Is he playing today, or not?
Pittsburgh Penguins superstar Sidney Crosby missed Friday night’s game against Anaheim with a reported left knee injury – officially, of course, it’s a “lower body” boo-boo – but No. 87 was hoping to return to the ice against the Rangers.
Don’t be surprised if he doesn’t. For starters, Crosby told reporters he tried to skate Friday morning but, “I didn’t feel comfortable enough to play…It didn’t feel good.”
That’s not a good sign – and it’s definitely not what they want to hear in Pittsburgh, especially after injuries limited Crosby to 53 games last season.
Crosby was hurt late in the game during a 6-3 loss to Alex Ovechkin’s Washington Capitals Wednesday night. (Actually, Crosby was hurt twice in that contest: he left the game early with an apparent ankle tweak – or, perhaps, just a skate problem – and returned, then left in the third period and didn’t come back.)
Crosby has had his share of bumps and bruises; more than his share, even, for an elite, highly skilled player.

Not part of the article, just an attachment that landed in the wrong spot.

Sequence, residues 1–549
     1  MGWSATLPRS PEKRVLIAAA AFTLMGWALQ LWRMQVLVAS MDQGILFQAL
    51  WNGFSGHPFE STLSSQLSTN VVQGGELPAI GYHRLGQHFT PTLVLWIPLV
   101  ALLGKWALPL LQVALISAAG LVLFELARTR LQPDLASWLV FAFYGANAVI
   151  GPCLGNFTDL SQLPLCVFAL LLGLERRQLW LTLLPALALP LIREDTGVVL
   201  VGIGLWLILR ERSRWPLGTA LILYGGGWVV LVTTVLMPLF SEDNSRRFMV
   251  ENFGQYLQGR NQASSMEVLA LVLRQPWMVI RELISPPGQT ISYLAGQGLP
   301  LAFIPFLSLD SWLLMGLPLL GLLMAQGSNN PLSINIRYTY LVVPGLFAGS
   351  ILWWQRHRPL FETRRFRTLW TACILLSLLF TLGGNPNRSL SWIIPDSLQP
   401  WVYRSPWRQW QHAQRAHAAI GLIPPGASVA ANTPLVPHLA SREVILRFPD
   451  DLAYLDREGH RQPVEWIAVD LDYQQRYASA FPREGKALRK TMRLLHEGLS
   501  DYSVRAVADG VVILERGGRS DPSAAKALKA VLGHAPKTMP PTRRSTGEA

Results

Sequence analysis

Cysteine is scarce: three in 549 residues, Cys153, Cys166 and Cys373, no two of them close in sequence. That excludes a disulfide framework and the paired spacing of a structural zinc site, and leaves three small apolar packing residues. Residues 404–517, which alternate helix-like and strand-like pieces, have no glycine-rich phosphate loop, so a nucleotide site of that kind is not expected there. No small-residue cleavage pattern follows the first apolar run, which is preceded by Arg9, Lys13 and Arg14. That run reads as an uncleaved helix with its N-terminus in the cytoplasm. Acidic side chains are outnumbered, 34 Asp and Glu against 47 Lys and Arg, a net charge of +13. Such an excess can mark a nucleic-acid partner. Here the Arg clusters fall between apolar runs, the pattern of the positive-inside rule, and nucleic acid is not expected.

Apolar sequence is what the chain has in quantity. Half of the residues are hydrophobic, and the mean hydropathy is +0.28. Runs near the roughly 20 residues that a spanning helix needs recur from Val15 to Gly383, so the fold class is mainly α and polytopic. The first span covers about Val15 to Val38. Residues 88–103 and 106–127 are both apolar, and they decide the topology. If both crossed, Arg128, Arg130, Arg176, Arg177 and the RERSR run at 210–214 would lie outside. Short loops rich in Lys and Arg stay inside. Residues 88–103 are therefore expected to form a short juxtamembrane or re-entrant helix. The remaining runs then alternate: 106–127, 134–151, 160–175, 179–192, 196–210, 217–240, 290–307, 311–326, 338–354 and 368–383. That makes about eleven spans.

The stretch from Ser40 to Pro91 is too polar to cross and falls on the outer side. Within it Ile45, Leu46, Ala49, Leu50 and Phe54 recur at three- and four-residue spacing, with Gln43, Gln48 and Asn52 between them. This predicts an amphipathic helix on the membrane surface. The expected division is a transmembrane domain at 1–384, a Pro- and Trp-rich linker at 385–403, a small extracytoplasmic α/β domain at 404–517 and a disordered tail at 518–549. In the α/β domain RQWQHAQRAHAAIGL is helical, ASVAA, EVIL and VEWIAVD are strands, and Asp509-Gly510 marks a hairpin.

His style of play is partly to blame; Crosby will skate, leap and dive into traffic if he thinks it’ll create a scoring chance. He has great body control and coordination, but sometimes puts himself in a vulnerable position. And he’s not exactly huge (5-foot-11, 200 pounds), so big hits along the boards and knee-on-knee collisions can result in lengthy stretches on the sidelines.
More than Mario Lemieux or Jaromir Jagr ever did, Crosby will put himself in harm’s way – constantly – if he thinks a goal will result.
It’s a tempting short-term strategy, but given the way Crosby has been banged around the past couple of seasons, it’s fraught with long-term problems.
Nagging injuries can turn into chronic injuries, which in turn become frustrating seasons and, ultimately, a compromised career.
Like Lemieux and Wayne Gretzky and Bobby Orr before him, the injury bug is trying to take a bite of Crosby.
Will he succumb or bite back?
Sam McCaig, the editor of the The Ultimate Book of Hockey Lists, is The Hockey News' senior copy editor and a regular contributor to THN.com. His blog appears every weekend and his column, From The Point, appears regularly.
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